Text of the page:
The ALA has a reputation for maintaining an outdated stance towards tobacco harm reduction, and has on multiple occasions shared misniformation and counter productive advice on the topic.
The ALA campaign claims to strive towards eliminating youth “tobacco” use by 2025. The Chief Mission Officer for the ALA, Deb Brown said that the association is working to ensure that kids are not pressured to vape. “That exposes them to harmful chemicals, and really sets them up for a lifetime of addiction,” said Brown, referring to vaping (even though vapes do not contain tobacco). She added that vaping can lead to decreased lung health, especially for younger users, among other risks.
To this effect, the ALA is collaborating with the Ad Council to promote resources that can best inform families about these dangers. “We use that to help parents understand the facts about e-cigarettes,” Brown continued, “and how to support conversations with their children before they start to vape.” She explained that the association is also launching a vape-free initiative for schools along with a research program looking into the effect of vaping on developing lungs.
Moreover, the initiative includes a plan for targeted advocacy at all government levels. “The Lung Association will implement a targeted advocacy plan to impact tobacco policies, including e-cigarette policies, at local, state and federal levels. The plan will urge the FDA to exercise robust regulatory authority over all tobacco products, including e-cigarettes and youth directed e-cigarette marketing,” reads the ALA website.
Sadly, the ALA has a reputation for maintaining an outdated and non-effective prohibitionist stance towards tobacco harm reduction, and has on multiple occasions shared misniformation and counter productive advice.
The ALA’s Outdated Stop-Smoking Campaign
A stop-smoking campaign launched by the association earlier this year, refuses to acknowledge the effectivity of electronic cigarettes as effective smoking cessation tools, and encourages smokers to stick to FDA approved quitting methods, which are know to have had little success.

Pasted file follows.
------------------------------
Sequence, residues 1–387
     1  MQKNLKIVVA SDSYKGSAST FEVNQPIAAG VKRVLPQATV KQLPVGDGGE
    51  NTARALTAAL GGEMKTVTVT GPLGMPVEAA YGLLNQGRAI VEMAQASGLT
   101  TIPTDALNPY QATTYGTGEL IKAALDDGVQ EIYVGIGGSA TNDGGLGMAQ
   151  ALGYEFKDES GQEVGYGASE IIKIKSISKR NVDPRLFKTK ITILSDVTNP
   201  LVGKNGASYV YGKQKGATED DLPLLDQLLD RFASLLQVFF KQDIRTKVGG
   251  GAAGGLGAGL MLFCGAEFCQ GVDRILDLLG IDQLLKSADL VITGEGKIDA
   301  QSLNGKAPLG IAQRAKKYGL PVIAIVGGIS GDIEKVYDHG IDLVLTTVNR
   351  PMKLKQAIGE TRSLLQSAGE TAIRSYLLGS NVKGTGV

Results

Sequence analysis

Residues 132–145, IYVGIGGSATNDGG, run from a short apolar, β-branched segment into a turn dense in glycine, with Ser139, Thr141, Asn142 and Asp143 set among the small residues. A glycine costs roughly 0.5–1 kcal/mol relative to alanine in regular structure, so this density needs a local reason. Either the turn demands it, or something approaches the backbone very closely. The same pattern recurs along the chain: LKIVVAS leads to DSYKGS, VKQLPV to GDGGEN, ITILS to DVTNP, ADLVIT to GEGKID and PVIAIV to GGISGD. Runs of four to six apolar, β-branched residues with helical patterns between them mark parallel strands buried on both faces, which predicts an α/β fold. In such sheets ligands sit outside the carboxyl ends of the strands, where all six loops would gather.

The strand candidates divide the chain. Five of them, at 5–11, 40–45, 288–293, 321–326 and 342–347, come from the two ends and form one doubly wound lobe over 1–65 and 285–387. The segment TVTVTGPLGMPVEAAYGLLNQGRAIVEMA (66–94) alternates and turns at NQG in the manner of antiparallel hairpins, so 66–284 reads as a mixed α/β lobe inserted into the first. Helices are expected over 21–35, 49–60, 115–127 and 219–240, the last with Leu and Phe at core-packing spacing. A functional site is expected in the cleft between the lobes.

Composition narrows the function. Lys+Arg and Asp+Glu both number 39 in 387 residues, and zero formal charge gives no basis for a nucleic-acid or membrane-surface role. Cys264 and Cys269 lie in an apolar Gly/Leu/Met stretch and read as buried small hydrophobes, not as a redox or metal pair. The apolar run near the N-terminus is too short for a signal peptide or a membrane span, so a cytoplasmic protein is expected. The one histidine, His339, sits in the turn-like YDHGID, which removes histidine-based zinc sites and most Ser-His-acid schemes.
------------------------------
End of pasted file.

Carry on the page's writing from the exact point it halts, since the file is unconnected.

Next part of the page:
The “Quit, Don’t Switch” campaign, blatantly ignores all the scientific data indicating that vaping devices and e-cigarettes are the most effective smoking cessation aides to date.
The ALA “believes everyone who uses tobacco products can quit using methods that are proven safe and effective by the FDA….” This despite the fact that research has clearly indicated that in comparison to e-cigarettes, these methods have had little success.
The smoking cessation tools deemed safe by the FDA include nicotine replacement therapy (NRT) products such as gums, patches and lozenges; prescription medications like Chantix; and counseling programs. However academic literature keeps indicating that due to the similar hand to mouth motion used for smoking, vaping is the most compelling cessation method to smokers, another reason why e-cigarettes produce the best results.
“They state that ‘Switching to e-cigarettes does not mean quitting. Quitting means ending your addiction to nicotine….’ This is especially odd considering that the prevailing opinion of health organizations is that long-term use of nicotine replacement therapy—which supplies users with nicotine to ease withdrawal symptoms—is a safe means of quitting smoking.”Chelsea Boyd, Harm Reduction Expert
The ALA campaign contradicts itself
An article on Filter had rightly pointed out that the ALA campaign ignores the fact “that tobacco products exist on a continuum of risk,” and fails to recognize switching from smoking to vaping as quitting. “They state that ‘Switching to e-cigarettes does not mean quitting. Quitting means ending your addiction to nicotine….’ This is especially odd considering that the prevailing opinion of health organizations is that long-term use of nicotine replacement therapy—which supplies users with nicotine to ease withdrawal symptoms—is a safe means of quitting smoking.”
This is even more odd given the fact that the campaign itself is suggesting using nicotine products in order to quit (as long as these are FDA approved).
“In fact, nicotine replacement therapy works in a strikingly similar way to e-cigarettes: The person is still consuming nicotine—whether orally, in the cases of gum and lozenges; through the skin, in the case of patches; or by inhalation, in the case of e-cigarettes— only there is no combustion, no smoke and no tar,” points out the article.